Coyote’s Journal

“There is an unnamed school in contemporary North American poetry-a school that is not a school-which I’d like to give some definition to, by detailing a few of its characteristics. This range of poets does not factor much in discussions of the current ‘post-avant’ poetry scene, which I consider a loss because it shares recognizable roots with the experimentalists in what I regard as the great consolidations of the 1970s. Tongue partly in cheek-and because these days nearly everything gets called ‘post’-something-I call these poets Post Coyote. This is partly in reference to a fine enterprise, Coyote’s Journal, which began publication in 1964 and continues up to the present. But behind the journal hovers the stature of coyote as a North American culture hero, and of course there’s the critter’s notable success as a scavenger from the West Coast manzanita scrub to the woodlands of Vermont. For those who live in non-urban American settings, the coyote’s ululation is our cultural and emotional equivalent to the Japanese cherry tree. Didn’t Phil Whalen once write from Kyoto, ‘an entire civilization built on an inarticulate response to cherry blossoms’? Well, Coyote’s Journal did little publishing in the 1970s. Its main impact occurred in the mid to late sixties, but the poetics it stood for came into sharpest focus through the seventies. Post Coyote poets, bringing the lineage forward into the 21st century, share a number of touchstone interests and social or spiritual reference points. In particular these poets lean towards a land ethic (Aldo Leopold’s term) & a decentralized approach to community. Their general commitment to bioregion, rather than nation-state or Internationale, as well as their avoidance of academic life, may account for the group’s partial invisibility. I’m going to speak to a few Post Coyote qualities, or streams of influence, by tracking them into some important publications. Here I’ll begin with a bit of personal history. … His literary influences seemed to be Ezra Pound, and more ambiguously Robert Duncan, who appeared to baffle him. [Norman O.] Brown was a contributor to Clayton Eshleman’s journal Caterpillar, was a close friend & thorny critic of John Cage, a correspondent and briefly the lover of M.C. Richards, and knew Duncan well. …”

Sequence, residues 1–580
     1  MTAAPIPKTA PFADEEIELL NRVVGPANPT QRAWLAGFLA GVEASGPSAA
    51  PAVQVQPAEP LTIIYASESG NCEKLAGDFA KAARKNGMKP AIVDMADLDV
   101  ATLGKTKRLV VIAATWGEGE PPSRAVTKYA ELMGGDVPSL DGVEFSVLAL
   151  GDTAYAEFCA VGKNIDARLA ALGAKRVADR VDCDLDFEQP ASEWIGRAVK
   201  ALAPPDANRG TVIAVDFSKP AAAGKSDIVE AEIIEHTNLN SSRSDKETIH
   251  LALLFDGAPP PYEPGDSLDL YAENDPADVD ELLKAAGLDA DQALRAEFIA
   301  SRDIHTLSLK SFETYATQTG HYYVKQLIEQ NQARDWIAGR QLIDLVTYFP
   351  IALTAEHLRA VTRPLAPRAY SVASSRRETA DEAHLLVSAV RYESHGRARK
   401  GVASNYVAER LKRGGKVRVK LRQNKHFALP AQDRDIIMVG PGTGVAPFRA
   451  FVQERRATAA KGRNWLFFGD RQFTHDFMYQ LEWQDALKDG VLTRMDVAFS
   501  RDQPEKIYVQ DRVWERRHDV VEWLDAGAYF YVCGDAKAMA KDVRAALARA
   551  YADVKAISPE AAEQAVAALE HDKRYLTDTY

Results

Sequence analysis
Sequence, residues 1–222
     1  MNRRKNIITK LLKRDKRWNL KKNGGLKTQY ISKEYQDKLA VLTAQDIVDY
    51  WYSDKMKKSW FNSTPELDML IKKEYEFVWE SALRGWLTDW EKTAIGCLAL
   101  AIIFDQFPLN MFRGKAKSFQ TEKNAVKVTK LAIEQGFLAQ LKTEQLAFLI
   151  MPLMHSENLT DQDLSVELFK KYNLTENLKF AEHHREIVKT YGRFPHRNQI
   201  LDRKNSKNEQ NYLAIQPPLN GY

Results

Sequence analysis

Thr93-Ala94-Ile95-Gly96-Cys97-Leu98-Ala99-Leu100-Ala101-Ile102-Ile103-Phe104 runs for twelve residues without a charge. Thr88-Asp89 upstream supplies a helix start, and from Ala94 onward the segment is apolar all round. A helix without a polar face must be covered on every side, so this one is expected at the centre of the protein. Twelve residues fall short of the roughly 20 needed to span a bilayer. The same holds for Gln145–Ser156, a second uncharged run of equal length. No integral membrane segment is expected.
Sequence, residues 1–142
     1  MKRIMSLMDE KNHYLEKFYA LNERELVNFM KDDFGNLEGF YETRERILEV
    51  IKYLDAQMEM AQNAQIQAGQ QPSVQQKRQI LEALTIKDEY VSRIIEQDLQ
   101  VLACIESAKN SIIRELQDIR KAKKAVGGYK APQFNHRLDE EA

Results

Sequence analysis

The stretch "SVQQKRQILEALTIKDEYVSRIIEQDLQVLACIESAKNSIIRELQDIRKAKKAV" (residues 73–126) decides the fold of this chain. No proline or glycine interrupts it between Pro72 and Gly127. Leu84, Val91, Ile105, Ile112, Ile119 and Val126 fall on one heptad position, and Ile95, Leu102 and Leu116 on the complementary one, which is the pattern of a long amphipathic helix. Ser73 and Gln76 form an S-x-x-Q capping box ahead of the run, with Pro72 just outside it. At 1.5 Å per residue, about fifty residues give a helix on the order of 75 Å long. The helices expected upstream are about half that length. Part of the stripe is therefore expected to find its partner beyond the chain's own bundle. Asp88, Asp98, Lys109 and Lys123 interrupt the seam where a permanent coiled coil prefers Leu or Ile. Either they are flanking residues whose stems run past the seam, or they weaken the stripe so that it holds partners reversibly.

In Which Our Current Post Coyote Poetry Gets Tracked to the 1970s
W – James Koller, W – Philip Whalen

About 1960s: Days of Rage

Bill Davis - 1960s: Days of Rage
This entry was posted in Books, Poetry and tagged , . Bookmark the permalink.

Leave a Reply

Fill in your details below or click an icon to log in: Logo

You are commenting using your account. Log Out /  Change )

Google photo

You are commenting using your Google account. Log Out /  Change )

Twitter picture

You are commenting using your Twitter account. Log Out /  Change )

Facebook photo

You are commenting using your Facebook account. Log Out /  Change )

Connecting to %s